That dynamic may foreshadow battles ahead as the new House Democratic majority will try to exert its influence over government spending while still having to deal with a Republican president and Senate. 

House Republicans came back from being written off before. They can again
Close 2018 midterm losses show a path for the GOP

The House Republican leadership team for the 116th Congress speaks to the media on Nov. 14, 2018. From left, Tom Emmer, R-Minn., Gary Palmer, R-Ala., Jason Smith, R-Mo., Kevin McCarthy, R-Calif., Liz Cheney, R-Wyo., Steve Scalise, R-La., and Mark Walker, R-N.C. (Bill Clark/CQ Roll Call)

OPINION — Through much of 2018 and especially in the weeks following the midterm elections, many opinion writers and other political pundits enthusiastically declared the Republican Party dead or at least relegated to life support.

The commentary was eerily reminiscent of the post-2006 declarations that the GOP was finished … over … no longer a viable political party.

New GOP Leaders Stick With Trump Despite Midterm Losses
Expect challenges to excessive Democratic investigations, McCarthy says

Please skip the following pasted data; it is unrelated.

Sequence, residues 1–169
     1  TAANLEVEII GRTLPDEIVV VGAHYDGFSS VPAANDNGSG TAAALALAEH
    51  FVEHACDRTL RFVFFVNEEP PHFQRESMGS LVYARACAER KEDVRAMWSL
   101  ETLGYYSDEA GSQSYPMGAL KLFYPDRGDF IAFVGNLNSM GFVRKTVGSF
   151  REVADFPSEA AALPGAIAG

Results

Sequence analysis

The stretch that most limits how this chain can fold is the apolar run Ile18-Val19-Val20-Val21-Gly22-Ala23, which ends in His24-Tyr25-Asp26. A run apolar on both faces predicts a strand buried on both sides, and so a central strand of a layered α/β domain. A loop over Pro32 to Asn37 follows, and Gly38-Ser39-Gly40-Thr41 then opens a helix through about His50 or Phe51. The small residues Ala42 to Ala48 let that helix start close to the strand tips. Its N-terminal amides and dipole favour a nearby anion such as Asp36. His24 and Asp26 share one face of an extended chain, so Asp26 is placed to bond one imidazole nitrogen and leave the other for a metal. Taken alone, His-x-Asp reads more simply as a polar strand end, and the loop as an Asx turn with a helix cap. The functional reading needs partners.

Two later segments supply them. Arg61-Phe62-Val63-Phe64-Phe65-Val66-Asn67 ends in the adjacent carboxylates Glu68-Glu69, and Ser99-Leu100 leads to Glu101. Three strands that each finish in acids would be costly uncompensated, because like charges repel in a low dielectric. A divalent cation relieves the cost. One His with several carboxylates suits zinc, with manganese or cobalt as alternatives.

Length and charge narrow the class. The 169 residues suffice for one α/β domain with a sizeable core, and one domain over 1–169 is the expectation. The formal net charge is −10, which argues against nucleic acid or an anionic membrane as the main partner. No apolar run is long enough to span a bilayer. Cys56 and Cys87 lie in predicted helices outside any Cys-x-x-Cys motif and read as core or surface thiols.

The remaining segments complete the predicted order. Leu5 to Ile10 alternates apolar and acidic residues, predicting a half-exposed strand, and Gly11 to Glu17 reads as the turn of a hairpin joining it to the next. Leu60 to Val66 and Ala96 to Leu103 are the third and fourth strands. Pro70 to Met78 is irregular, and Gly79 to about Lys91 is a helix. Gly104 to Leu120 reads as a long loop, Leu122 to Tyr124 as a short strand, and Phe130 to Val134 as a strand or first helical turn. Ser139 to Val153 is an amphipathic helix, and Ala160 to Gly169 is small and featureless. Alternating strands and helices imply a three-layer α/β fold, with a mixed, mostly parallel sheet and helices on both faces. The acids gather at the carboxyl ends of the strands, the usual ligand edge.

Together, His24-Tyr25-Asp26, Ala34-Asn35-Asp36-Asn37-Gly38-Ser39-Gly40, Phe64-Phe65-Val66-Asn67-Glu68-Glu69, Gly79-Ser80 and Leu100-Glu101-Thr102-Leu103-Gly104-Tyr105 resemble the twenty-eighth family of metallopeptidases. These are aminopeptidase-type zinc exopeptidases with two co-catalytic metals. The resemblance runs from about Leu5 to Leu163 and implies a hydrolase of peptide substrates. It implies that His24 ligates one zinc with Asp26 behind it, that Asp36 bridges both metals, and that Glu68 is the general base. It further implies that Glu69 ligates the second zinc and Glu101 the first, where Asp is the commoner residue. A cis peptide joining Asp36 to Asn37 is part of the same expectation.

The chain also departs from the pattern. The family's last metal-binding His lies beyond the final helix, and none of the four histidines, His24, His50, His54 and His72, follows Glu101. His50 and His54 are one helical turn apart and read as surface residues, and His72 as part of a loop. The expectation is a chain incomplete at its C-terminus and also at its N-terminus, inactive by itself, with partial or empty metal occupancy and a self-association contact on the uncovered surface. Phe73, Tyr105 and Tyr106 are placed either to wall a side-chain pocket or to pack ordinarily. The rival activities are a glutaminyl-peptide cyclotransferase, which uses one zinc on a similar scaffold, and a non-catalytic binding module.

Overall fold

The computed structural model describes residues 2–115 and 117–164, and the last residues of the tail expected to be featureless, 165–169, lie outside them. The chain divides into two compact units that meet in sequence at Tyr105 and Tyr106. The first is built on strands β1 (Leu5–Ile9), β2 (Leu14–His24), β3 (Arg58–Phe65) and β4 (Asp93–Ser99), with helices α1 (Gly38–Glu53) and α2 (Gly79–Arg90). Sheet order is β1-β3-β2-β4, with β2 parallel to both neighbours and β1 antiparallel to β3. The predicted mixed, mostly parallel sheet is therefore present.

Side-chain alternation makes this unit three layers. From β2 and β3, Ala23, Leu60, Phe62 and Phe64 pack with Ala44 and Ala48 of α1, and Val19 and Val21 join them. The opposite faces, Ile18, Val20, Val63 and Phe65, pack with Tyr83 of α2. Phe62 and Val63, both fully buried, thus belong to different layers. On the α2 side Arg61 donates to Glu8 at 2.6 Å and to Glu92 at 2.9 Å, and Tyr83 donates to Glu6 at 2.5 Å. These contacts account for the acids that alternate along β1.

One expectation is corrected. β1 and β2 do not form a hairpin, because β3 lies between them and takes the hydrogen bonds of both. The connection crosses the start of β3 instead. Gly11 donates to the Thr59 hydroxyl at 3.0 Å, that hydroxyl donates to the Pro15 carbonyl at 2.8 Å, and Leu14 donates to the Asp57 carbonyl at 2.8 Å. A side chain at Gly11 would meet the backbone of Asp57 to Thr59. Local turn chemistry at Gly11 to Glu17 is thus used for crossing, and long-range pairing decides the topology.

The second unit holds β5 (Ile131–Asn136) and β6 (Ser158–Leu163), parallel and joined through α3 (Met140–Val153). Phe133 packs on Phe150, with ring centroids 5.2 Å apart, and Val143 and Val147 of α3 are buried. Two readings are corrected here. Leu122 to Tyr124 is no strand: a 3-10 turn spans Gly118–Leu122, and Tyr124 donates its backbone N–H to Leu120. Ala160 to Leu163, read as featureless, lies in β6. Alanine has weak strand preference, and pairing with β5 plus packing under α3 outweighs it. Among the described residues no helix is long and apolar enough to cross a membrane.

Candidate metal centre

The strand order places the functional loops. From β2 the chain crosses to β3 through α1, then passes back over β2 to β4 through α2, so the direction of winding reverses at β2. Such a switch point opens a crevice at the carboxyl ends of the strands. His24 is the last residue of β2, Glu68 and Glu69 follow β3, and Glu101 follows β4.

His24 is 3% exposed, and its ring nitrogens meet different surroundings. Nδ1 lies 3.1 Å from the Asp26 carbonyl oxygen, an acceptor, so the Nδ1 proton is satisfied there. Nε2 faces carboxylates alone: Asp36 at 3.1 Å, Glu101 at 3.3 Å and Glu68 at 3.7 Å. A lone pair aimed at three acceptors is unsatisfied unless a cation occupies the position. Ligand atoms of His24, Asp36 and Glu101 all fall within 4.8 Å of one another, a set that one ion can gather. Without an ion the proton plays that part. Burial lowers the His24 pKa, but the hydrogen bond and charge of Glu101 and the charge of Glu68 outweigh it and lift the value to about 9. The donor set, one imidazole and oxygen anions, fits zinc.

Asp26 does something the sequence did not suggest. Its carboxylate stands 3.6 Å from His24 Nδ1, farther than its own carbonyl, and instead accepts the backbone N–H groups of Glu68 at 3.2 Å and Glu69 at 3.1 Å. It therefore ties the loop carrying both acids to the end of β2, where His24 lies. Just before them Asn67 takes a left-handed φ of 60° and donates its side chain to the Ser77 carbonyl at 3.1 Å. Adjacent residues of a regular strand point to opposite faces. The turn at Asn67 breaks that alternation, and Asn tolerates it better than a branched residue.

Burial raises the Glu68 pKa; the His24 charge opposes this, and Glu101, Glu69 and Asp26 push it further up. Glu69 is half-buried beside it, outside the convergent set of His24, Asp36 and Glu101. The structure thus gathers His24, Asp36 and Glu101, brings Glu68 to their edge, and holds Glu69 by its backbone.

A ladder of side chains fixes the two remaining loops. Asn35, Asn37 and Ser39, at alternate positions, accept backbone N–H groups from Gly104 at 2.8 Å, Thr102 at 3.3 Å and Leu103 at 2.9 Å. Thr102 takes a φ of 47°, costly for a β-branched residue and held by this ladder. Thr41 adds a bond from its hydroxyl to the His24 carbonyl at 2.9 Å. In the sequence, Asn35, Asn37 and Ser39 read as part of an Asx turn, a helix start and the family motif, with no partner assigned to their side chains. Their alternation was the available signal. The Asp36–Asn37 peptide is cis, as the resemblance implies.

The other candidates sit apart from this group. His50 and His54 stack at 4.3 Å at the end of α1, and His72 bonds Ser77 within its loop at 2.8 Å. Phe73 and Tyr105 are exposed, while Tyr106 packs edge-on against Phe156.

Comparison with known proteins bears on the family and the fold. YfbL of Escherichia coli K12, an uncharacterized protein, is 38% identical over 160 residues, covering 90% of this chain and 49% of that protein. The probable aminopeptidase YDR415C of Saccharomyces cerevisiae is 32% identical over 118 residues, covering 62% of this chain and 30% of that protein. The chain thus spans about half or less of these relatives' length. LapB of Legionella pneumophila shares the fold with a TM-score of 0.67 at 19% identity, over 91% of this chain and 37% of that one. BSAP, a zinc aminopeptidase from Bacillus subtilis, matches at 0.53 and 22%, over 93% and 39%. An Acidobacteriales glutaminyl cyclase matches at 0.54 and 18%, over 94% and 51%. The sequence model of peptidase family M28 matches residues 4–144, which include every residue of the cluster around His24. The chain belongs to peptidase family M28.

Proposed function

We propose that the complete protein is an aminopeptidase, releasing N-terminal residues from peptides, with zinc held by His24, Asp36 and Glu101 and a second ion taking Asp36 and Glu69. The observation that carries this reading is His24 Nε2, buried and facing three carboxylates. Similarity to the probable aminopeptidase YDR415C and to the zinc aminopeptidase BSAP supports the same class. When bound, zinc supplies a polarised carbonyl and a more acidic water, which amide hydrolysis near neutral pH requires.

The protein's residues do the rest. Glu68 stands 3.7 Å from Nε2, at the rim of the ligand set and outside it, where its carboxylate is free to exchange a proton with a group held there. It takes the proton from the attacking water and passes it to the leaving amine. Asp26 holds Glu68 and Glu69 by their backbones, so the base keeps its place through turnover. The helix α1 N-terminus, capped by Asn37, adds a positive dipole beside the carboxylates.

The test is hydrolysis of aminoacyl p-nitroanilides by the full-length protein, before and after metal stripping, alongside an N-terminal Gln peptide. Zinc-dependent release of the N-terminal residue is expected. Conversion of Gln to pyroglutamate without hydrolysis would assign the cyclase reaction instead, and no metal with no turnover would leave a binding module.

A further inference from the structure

House Majority Leader Kevin McCarthy, R-Calif., newly elected as House Minority Leader for the upcoming Congress, arrives for the press conference following the House GOP leadership elections in the Longworth House Office Building on Wednesday, Nov. 14, 2018. (Bill Clark/CQ Roll Call)

The new House GOP leadership team gave no indication Wednesday it would reconsider its cozy relationship with President Donald Trump, despite losses in dozens of suburban districts in the midterms last week.

Newly elected House Minority Leader Kevin McCarthy of California acknowledged at a press conference Wednesday that winning back the American suburbs will be a “challenge” in 2020 but said multiple times at the press conference that “history was against” the GOP keeping control of both chambers of Congress in a midterm election with a first-term Republican president in the Oval Office.